News and Events Involving Environmental Law, Published by Chicago Environmental Attorney Dave Scriven-Young
of Peckar & Abramson, P.C. -- (312) 881-6309

Contractors and Owners Will Have an Easier Time Identifying Regulated Wetlands Following U.S. Supreme Court Opinion

Contractors understand how difficult it can be on a technical level to do work in or near wetlands or other environmentally-sensitive areas. Such work is even more difficult due to complex, ever-changing regulations coming from the federal government under the Clean Water Act (“CWA”). The CWA applies to “navigable waters”, which are defined as “the waters of the United States.” To determine whether certain wetlands are “the waters of the United States”, contractors and owners have had to engage in fact-intensive “significant-nexus” determinations that turned on a lengthy list of hydrological and ecological factors found in regulations from the U.S. EPA. Recently, the U.S. Supreme Court struck down the applicability of those regulations and instituted a simpler test to determine whether wetlands on an owner’s property are regulated.

In Sackett v. EPA, the Sacketts purchased a home near a lake in Idaho. In preparation for building a home, they began backfilling their property with dirt and rocks. A few months later, the U.S. EPA sent the Sacketts a compliance order informing them that their backfilling violated the CWA because their property contained protected wetlands. The EPA demanded that the Sacketts immediately undertake activities to restore the site and threatened the Sacketts with penalties of over $40,000 per day if they did not comply. According to the EPA, the wetlands on the Sackett’s lot fell under the jurisdiction of the CWA because they were “adjacent to” (i.e., in the same neighborhood as) an unnamed tributary on the other side of a 30-foot road, which fed into a lake. The EPA concluded that the Sackett’s wetlands, when considered together with a large nearby wetland complex, significantly affected the ecology of the lake. Thus, EPA alleged that the Sacketts had illegally dumped soil and gravel into “the waters of the United States.”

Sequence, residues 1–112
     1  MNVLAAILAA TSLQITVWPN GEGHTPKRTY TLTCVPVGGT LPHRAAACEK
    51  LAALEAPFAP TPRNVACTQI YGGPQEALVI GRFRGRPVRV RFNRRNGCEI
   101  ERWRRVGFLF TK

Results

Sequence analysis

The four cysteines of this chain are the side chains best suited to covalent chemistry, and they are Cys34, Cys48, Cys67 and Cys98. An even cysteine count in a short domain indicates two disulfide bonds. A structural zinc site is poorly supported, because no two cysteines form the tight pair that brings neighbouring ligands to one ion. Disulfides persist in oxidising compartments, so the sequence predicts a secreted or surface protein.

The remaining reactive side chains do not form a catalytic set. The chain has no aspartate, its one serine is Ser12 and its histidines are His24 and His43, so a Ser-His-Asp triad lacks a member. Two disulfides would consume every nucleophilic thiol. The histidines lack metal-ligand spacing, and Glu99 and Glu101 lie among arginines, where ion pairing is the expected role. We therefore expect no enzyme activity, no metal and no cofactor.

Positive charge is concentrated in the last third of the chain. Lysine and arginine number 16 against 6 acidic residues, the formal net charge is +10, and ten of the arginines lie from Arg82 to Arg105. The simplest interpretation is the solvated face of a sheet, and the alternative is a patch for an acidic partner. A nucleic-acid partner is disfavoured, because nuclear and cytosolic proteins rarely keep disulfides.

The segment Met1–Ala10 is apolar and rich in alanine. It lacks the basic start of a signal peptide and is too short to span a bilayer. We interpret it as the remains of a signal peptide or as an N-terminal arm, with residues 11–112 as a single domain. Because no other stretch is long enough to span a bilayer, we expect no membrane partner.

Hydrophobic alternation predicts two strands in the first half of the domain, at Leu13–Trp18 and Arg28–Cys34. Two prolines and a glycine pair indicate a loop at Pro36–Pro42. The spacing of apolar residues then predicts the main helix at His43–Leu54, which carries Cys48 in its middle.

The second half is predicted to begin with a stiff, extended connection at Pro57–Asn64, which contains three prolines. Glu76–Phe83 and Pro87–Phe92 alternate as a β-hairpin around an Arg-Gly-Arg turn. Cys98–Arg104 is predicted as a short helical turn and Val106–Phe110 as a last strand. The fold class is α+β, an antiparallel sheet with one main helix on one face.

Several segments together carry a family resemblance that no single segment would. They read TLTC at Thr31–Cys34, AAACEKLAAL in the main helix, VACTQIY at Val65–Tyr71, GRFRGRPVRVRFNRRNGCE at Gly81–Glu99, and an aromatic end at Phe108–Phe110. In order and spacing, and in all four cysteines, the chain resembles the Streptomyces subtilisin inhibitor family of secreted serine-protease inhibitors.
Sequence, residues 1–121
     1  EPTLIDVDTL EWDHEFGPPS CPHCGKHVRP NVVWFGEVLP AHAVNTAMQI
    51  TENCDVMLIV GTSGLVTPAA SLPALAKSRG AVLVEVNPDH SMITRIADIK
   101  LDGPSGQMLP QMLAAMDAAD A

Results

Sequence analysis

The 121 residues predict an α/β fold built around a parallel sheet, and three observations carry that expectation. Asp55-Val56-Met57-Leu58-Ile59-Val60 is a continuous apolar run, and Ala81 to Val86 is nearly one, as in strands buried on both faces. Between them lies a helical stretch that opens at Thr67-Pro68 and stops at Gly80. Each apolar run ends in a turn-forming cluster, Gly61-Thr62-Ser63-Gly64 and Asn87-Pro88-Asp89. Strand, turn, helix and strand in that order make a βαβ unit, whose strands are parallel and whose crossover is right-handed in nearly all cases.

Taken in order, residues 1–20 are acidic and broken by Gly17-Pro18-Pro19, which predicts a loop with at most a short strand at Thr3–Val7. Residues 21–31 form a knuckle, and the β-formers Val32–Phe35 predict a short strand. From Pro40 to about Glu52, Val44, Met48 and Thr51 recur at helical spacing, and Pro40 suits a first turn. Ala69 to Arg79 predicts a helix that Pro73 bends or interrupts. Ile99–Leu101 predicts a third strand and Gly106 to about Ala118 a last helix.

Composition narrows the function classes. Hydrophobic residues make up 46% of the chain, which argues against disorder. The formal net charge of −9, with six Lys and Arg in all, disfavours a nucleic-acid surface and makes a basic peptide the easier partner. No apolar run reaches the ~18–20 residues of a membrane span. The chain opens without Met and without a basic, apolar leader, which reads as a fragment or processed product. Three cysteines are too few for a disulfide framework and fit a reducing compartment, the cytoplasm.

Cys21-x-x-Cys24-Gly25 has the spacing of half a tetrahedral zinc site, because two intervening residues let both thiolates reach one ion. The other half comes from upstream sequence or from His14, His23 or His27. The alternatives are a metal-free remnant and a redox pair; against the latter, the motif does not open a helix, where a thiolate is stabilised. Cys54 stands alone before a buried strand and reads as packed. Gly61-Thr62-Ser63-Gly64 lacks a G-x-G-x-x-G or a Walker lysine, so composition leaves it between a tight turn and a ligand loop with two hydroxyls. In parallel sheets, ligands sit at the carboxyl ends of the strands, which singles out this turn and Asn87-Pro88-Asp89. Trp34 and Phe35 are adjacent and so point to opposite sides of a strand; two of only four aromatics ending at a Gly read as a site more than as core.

The Supreme Court rejected the EPA’s interpretation of the CWA. The Court found that the term “waters” in the CWA “encompasses only those relatively permanent, standing or continuously flowing bodies of water forming geographical features that are described in ordinary parlance as ‘streams, oceans, rivers, and lakes.’” Wetlands are only covered when they are “as a practical matter indistinguishable from waters of the United States, such that it is difficult to determine where the ‘water’ ends and the ‘wetland’ begins. This occurs when the wetlands have “a continuous surface connection to bodies that are ‘waters of the United States’ in their own right, so that there is no clear demarcation between ‘waters’ and wetlands.”

This decision should give much more certainty to contractors and owners who want to do work in or around wetland areas. As the Court noted, EPA’s position had put contractors and owners in “a precarious position because it is often difficult to determine whether a particular piece of property contains waters of the United States.” This problem often caused Owners to seek a written opinion from the Army Corps of Engineers, which found that wetlands fell under CWA jurisdiction approximately 75% of the time. After Sackett, contractors and owners should be able to make quicker and less costly determinations of whether their wetlands are covered by the CWA.

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